Afghan Women Will Fight For Their Rights: Including in U.S. Newspapers

By: Nasrina Bargzie

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Afghan women are resilient pragmatists who are refusing to stand by as the Trump administration’s envoy Zalmay Khalilzad endeavors to sell Afghanistan out to the Taliban. Afghans will not allow peace negotiations to admonish that women’s rights are an internal issue to Afghanistan. The irony of  Khalilzad’s point is not lost on anyone who has been following the talks to have peace negotiations with the Afghan government.

The Trump administration is negotiating all the details directly with the Taliban without the democratically elected government of Afghanistan and without Afghan women. There will be nothing left to negotiate, when the Americans are done. 

Khalilzad’s wife, Cheryl Benard, has recently added her voice to chorus on her husband’s dangerous strategy. Benard’s arguments essentially go like this: American women (like her) fought for their own rights and Afghan women should not be coming with their hands out to the Western world, and that Afghan women need to deal with their own society’s issues. Both arguments show Benard’s stunning willingness to twist the U.S. movement for suffrage and women’s rights, and Afghanistan and its history as a means to support her husband’s doomed strategy.

Comparing American women’s suffrage movement to the current situation in Afghanistan is a red herring, and Benard, who holds herself out as working on Afghan women rights for two decades, knows this. Afghan women first gained the right to vote in 1919 under King Amanullah Khan, a year before American women. Afghan history is like that of most countries, including the U.S.: women were and are treated badly and they (and allies) have to fight and win rights.

But the added layer to Afghan history, and the reason why Afghan women have to bring their arguments to the pages of American newspapers, is because Americans, along with dozens of other countries, have put themselves in Afghanistan and some of those countries have expended tremendous effort to actively debilitate advancement of women’s rights in Afghanistan. When Benard fought for her rights as an American woman, you can rest assured that Saudi Arabia and Pakistan were not pouring billions into keeping her from attaining them. 

Despite knowing all this, Benard continues with more problematic tropes and the same tired divide and conquer strategies that have always failed on the Afghan people. But Benard appears to hope to convince a (she hopes) less informed U.S. audience. She writes that Pashtunwali is more the enemy of Afghan women than the Taliban.

Pointing to Pashtunwali is a blatant attempt to frame women’s rights as hindered by a single ethnicity. But the examples Benard points to are practices seen across Afghanistan and its many ethnicities, and also appear in many other countries in the region. Benard somehow forgets to note that the practices she mentions are outlawed in the Afghan Penal Code.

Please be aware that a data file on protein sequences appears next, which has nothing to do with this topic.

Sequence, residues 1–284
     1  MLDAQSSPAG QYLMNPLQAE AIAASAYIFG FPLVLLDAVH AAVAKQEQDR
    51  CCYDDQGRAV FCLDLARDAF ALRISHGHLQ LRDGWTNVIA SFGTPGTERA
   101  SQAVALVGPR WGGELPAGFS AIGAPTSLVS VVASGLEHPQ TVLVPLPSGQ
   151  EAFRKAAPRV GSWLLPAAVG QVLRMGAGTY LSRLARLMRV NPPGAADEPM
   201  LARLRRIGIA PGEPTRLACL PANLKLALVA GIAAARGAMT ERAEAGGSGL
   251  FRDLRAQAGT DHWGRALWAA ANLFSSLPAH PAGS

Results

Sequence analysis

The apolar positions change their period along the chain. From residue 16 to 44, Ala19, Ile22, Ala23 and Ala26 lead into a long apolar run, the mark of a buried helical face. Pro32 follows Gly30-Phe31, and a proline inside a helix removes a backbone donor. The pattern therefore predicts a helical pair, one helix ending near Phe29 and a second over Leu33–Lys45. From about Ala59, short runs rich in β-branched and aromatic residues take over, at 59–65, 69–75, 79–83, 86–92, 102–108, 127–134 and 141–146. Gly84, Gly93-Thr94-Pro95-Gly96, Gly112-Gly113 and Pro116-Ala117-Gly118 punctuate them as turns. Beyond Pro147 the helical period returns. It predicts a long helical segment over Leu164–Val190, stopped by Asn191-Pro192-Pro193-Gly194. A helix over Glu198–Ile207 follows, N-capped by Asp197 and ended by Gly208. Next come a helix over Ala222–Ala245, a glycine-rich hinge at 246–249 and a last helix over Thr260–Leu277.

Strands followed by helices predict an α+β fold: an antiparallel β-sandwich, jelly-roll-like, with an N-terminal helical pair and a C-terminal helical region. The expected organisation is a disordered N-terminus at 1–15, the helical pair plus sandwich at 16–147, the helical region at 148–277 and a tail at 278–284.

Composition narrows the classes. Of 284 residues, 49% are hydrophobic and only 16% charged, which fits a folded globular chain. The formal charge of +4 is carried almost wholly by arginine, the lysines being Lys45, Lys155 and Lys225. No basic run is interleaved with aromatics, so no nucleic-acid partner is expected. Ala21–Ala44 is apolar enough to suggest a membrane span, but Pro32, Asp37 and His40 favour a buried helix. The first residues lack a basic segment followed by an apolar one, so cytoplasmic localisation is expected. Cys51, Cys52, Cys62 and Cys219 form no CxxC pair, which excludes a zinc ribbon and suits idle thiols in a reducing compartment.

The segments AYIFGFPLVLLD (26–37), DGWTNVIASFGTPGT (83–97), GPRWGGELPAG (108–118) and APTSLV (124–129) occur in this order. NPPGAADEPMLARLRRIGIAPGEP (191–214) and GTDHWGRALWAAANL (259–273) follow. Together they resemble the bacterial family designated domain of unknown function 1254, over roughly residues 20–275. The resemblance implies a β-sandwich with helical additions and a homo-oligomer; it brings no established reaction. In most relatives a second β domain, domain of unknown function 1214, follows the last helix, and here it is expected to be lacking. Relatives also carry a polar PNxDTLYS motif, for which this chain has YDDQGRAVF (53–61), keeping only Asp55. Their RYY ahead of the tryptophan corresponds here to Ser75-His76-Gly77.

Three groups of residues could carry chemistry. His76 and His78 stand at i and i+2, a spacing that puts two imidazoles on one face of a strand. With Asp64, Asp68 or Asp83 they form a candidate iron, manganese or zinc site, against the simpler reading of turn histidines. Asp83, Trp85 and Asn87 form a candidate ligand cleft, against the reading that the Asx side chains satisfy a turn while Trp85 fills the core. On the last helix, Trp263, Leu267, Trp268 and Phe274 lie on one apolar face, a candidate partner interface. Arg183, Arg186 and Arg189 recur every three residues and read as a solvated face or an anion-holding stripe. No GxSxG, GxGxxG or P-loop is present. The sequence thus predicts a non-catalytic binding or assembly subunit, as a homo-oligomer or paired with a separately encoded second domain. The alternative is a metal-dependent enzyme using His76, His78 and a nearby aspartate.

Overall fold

The exact code and set of laws that would be wiped clean by the Taliban, who have recently clarified that their understanding of women’s rights means rights as founded only in the Taliban’s interpretation of Sharia Law. We are not starting on a clean slate with the Taliban, they have shown Afghan women and the world what their interpretations mean in practice: Afghan women were denied healthcare, education, and effectively erased from Afghan society. 

The harsh realities of terrorism are felt across the world daily. And those realities are fought daily on Afghan soil with Afghan bodies. Afghans honor the losses their international partners have endured, but the problem of terrorism is not only an Afghan problem, it is a global problem and Afghanistan’s international partners cannot close their eyes to this reality. Doing so would not only be a dishonor to the losses Afghans and the international community have endured, but it is a shortsighted strategy that will create the dangerous probability of terrorism at America’s door again. 

One can likely safely assume that Benard’s distortions are intentional considering the company she keeps and the experience she alleges, but the more fundamental flaw in Benard’s thinking comes from her failure to understand feminism itself. Feminism does not belong to borders. It belongs to a common humane belief that all humans should be treated fairly irrespective of gender.

The dichotomy of  Benard’s limited thinking is rejected by Afghan women, there is no East and there is no West, there are core norms. And Afghan women are savvy enough to know that it is not just internal dynamics in Afghanistan that drive Afghan women’s rights, and for that reason Afghan women are fighting everywhere they have to fight for their rights – in Afghanistan, and in U.S. newspapers.      

About Author: Nasrina Bargzie is an Afghan-American attorney practicing business and human rights law.

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